Sappi shuts paper machines to cut costs 

By | 2020-07-14T12:24:42+00:00 July 14th, 2020|

The timber industry and downstream sectors have not been spared by the impact of the Covid-19 pandemic. Johannesburg-based paper and pulp company Sappi has announced the closure of paper machine 2 (PM2) at its Stockstadt Mill in Germany as well as paper machine 9 (PM9) and the energy complex at its Westbrook Mill in the US.

Johannesburg-based paper and pulp company Sappi has announced the closure of paper machine 2 (PM2) at its Stockstadt Mill in Germany (in picture). Iamge credit: Sappi

Johannesburg-based paper and pulp company Sappi has announced the closure of paper machine 2 (PM2) at its Stockstadt Mill in Germany (in picture). Iamge credit: Sappi

Sappi recently informed its employees and stakeholders of the decision which, the company says, will remove capacity, reduce costs, improve machine utilisation and increase competitiveness.

In early February 2020, Sappi Europe announced that it will initiate a process to determine the future of PM2 at its Stockstadt Mill in Germany, in view of the continuing decline of the coated woodfree paper market. Following an exhaustive consultation process an agreement was reached with mill employee representatives to permanently close PM2, which has a coated woodfree paper production capacity of 240 000 tons per annum. Stockstadt will now focus on its strong and growing uncoated woodfree offering. About 170 employees will leave the company with production expected to cease on 30 September 2020. The once-off restructuring charges amount to approximately EUR27-million (EUR15-million cash; EUR12-million non-cash). The estimated annual saving will be more than EUR15- million.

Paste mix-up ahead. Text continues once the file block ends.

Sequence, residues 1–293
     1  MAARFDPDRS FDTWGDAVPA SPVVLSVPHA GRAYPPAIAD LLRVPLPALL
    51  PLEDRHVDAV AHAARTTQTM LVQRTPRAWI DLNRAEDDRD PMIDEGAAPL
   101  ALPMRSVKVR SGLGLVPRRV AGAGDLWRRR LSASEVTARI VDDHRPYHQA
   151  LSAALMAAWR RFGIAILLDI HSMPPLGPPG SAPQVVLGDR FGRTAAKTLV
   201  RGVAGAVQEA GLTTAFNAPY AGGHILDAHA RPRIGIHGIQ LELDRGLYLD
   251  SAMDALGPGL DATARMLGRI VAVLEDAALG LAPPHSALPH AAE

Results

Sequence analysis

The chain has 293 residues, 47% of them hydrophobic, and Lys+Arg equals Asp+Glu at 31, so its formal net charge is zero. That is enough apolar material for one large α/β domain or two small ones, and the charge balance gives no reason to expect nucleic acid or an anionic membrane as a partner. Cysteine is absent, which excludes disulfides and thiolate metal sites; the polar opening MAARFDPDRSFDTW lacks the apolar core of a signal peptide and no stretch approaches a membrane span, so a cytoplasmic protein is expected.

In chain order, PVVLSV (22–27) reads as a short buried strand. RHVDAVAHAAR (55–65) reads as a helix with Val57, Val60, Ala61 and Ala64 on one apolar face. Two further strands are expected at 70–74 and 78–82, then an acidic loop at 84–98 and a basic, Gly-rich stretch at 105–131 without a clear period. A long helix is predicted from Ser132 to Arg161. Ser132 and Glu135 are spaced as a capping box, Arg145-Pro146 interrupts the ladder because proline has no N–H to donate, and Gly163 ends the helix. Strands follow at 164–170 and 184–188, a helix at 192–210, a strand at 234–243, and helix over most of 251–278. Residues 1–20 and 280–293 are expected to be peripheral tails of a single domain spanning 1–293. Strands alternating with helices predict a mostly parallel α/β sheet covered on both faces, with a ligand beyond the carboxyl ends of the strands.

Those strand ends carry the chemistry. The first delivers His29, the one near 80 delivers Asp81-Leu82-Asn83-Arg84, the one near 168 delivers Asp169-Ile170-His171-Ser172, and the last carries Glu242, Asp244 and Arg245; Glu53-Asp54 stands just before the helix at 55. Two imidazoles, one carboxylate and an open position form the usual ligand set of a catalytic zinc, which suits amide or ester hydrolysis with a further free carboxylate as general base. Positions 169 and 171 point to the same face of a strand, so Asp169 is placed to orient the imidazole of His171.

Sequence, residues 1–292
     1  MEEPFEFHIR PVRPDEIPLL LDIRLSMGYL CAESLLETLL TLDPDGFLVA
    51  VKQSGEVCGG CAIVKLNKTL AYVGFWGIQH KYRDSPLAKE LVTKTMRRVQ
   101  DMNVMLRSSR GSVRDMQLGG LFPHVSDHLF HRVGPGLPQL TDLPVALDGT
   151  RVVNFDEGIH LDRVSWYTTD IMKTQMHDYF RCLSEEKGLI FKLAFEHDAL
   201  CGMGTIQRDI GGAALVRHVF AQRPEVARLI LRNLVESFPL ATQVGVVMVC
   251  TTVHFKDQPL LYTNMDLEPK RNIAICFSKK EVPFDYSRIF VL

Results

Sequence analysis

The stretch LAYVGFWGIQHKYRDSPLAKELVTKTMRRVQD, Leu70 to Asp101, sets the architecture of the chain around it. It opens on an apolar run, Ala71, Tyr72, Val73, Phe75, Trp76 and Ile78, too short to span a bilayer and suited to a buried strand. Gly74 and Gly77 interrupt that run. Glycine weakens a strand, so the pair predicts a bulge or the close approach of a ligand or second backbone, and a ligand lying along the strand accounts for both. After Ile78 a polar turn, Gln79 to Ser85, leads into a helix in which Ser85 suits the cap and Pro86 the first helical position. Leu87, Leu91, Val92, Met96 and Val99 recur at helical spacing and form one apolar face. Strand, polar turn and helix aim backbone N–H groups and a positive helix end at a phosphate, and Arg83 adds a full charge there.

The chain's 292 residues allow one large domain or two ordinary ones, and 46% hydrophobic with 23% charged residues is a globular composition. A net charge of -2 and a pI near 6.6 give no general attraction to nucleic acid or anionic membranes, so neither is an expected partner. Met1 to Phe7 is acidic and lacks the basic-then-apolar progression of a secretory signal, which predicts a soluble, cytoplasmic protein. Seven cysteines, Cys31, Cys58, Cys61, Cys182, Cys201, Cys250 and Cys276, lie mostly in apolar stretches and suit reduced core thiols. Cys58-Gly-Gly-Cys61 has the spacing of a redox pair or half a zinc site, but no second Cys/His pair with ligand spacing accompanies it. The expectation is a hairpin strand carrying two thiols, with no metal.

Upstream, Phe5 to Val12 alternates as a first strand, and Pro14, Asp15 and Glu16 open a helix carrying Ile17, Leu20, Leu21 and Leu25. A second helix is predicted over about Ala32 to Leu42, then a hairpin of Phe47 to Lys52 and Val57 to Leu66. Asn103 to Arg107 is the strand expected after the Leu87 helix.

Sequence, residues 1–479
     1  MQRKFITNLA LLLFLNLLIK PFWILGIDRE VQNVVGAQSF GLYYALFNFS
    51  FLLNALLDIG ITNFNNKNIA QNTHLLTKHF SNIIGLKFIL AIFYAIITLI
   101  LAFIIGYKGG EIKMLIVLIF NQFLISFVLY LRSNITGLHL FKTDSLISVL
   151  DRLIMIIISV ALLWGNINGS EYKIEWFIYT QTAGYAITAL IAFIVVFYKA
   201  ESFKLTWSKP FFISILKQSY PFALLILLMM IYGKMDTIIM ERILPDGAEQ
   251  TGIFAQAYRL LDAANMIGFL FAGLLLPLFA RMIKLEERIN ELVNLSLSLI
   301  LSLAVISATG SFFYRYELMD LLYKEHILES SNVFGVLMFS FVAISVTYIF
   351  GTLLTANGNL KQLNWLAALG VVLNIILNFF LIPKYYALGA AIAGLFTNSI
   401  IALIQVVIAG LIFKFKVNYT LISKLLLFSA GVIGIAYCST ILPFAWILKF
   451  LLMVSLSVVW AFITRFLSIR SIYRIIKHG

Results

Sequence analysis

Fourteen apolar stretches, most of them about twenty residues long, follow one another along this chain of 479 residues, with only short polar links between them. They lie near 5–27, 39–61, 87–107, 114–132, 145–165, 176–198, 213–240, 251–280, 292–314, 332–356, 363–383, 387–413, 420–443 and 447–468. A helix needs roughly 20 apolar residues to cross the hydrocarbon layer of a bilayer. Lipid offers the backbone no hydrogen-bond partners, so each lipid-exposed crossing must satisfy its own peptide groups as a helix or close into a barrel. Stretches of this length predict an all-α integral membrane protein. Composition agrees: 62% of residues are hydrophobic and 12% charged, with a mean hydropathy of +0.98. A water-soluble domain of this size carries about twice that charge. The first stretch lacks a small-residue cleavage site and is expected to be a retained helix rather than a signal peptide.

After a period of review, Sappi North America has decided to permanently shut PM9 and most of the energy complex at its Westbrook Mill in the State of Maine. Sappi will shift PM9’s base paper production to its state-of-the-art mills in Cloquet, Minnesota and Skowhegan, Maine. Approximately 75 employees will be impacted. The impacted assets are expected to close by end of calendar year 2020. As a result of these actions, a restructuring charge of approximately USD14-million (USD11-million cash; USD3-million non-cash) is expected during Sappi’s fourth quarter, in addition to approximately USD8-million of accelerated depreciation to be recorded during the second half of calendar 2020. The estimated annual saving will be approximately USD10-million.

According to Sappi CEO Steve Binnie these steps demonstrate the company’s commitment to taking decisive action to reduce costs and respond to market dynamics. “These mills will now be better placed to compete in the marketplace and deliver increased returns,” says Binnie.